When Pakistani governments impose taxes that hurt the public, a popular cry of desperation and derision inevitably greets them: one day they will also make us pay for oxygen.
The rhetorical slur has now come true. The public is paying for oxygen through its nose but not because it is taxed but because it is on short supply as Covid infections rise, breaking all previous records in Pakistan.
The situation is not touching desperate levels but it is going in that direction. Ministers are trying to be useful preaching calm to an anxious public that is exposed to the dire times that neighbouring India is witnessing and which are beamed into homes through the international media.
Measures against pandemic
“We have not run out of supplies and there is enough capacity to meet the current needs”, said a member of the National Command Center that is directing all measures against the pandemic.
“We used to expend almost 80 per cent of our oxygen in the industry and only 20 per cent was meant for the health sector, out of which nearly half was supplied through the formal sector, whereas the rest was managed by the informal sector. But now the equation is 80 for health; 20 for the industry,” he said in a telephonic interview.
This sounds reassuring — for now that is. The future does not proffer a soothing scenario. The newly-appointed information minister, Fawad Chaudhary, last week said that the country had already used up 90 per cent of its oxygen reserves attending hospital emergencies.
He then prayed to Almighty for mercy. This not fearmongering. The relatively manageable demand on the limited production capacity is based on the current figures of consumption. Considering the rising tide of Corona patients, this demand will increase manifold.
At par with spiralling demand
Some experts suggest that even then oxygen production can stay roughly at par with the spiralling demand. One expert cited by the local media said: “We estimate the average annual demand for medical oxygen to be around 100-110 tonnes per day (tpd) in Pakistan. We also estimate that Covid-19 has raised the consumption of medical oxygen, with figures varying from 300 to 500 tonnes per day in 2020.”
”We expect high demand for medical oxygen to continue throughout this year and next, with levels of 300-400 tonnes per day in 2021 and about 200-250 tonnes per day in 2022.”
“100 tpd of medical oxygen in a “peacetime” is a very low volume for 220 million population country. To compare, Vietnam having 62 million population had (by our estimations) about 250 tpd of medical oxygen available in hospitals before Covid-19. This is due to higher number of hospital beds.”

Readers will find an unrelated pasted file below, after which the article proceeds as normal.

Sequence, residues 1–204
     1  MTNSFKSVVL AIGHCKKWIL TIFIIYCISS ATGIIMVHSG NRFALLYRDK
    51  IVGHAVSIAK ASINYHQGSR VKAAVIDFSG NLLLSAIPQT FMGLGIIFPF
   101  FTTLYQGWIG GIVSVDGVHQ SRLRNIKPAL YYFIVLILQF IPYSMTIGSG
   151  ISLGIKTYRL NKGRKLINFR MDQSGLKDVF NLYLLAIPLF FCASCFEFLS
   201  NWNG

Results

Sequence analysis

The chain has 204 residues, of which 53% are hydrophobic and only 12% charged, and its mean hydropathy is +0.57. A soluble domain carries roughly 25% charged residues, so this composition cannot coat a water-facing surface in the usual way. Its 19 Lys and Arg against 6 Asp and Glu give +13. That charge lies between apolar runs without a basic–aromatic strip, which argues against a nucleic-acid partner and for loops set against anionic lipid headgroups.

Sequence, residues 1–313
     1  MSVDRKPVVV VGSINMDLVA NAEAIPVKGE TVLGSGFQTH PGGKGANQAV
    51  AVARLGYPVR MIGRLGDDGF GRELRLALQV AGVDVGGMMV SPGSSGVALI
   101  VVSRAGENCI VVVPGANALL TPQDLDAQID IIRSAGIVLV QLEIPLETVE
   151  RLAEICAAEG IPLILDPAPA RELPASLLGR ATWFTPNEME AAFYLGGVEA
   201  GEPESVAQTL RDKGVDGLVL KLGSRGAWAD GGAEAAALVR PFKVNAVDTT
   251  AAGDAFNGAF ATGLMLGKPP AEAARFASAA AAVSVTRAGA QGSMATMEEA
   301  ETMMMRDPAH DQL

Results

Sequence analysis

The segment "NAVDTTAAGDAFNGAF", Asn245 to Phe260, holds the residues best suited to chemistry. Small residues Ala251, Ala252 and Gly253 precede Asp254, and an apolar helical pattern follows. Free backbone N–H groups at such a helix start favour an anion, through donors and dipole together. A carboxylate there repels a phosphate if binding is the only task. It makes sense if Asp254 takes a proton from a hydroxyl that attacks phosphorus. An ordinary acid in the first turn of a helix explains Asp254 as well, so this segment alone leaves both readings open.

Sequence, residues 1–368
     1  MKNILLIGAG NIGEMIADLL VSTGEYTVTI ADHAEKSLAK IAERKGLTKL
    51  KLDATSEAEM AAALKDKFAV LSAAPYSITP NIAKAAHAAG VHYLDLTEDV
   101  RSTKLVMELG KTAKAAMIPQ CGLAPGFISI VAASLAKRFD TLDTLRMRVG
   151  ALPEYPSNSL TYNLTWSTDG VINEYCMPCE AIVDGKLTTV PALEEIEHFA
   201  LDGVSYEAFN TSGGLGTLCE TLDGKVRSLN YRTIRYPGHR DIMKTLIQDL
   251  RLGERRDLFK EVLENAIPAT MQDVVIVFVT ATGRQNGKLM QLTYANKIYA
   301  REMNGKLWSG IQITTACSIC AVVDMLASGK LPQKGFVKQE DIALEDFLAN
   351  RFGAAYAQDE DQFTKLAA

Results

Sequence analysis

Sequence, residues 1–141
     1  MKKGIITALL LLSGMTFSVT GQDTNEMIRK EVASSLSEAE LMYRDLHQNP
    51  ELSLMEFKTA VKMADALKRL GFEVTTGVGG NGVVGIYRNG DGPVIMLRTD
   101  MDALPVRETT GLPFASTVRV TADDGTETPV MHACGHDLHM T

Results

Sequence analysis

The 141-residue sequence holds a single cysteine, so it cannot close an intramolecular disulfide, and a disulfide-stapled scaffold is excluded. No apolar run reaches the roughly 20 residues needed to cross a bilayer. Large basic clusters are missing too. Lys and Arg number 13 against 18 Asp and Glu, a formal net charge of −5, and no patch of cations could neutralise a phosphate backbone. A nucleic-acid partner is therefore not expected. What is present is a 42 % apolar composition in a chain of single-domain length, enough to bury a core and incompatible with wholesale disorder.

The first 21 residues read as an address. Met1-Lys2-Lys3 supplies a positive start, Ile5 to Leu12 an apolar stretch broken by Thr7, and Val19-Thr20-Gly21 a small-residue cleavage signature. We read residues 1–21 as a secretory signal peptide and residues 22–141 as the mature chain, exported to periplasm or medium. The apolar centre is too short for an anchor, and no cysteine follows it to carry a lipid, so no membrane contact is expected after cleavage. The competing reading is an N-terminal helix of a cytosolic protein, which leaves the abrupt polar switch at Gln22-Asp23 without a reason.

”Additional demand could vary from 300 and up to 500 tpd of medical oxygen. This quantity does not seem to be difficult to produce, release, or import. More likely, the problem is in the oxygen delivery system to the hospitals.”
This hits the nail on the head. The finer side of the problem at present relates to transportation of oxygen to the hospitals. It requires expensive vehicles designed to move the precious commodity in liquid form to the bigger hospitals which then have the wherewithal to turn into gas and administer is to the patients.
Less equipped hospitals are reliant on transportation of this life saver in gaseous form by simply getting cylinders filled and refilled and brought back to the emergency rooms.
Oxygen – a commodity in demand
The public on their own also attempt to buy oxygen as attendants are being turned back by hospitals because they may not have beds available any more.
Home-management of patients, once a preferred recommendation of the government to the people, however has run out of steam as well because individuals are the end of this oxygen supply chain and are not entertained. The prices of oxygen have also quadrupled. For some, tragedy is always profitable.
There are demands that the oxygen plant of Pakistan’s Steel Mill, long shut and awaiting privatisation, should be revived and that can meet the need of the health sector. But as a doctor who is running a 100-bed hospital in Lahore explained: “People have no idea what it takes to supply high-pressured oxygen to patients whose lungs are packing up. I have seven beds occupied in the intensive care unit and on each bed a patient is administered 50 litres oxygen per minute. The room is like a pressure cooker. Not many private hospitals even have this arrangement.”
He then added an even more significant point: “Just because you are being provided oxygen in an ICU does not mean that you have the right quantum passing through the pipes. Most hospitals don’t even provide more than 15 litres to patients in need of much more. That’s why we have one of the world’s highest mortality rates on ventilators”, he grimly added.
That gives context to the issues centred on oxygen in Pakistan. Even if the supplies are adequate, their transportation, use, administration and the attendant costs will make this one of the most important challenges for the government. Who would have thought that an elixir of life, available everywhere, could become this scarce, choking the ill, or worse, threaten to kill them. But the unthinkable is happening.
Syed Talat Hussain is a prominent Pakistani journalist and writer. Twitter: @TalatHussain12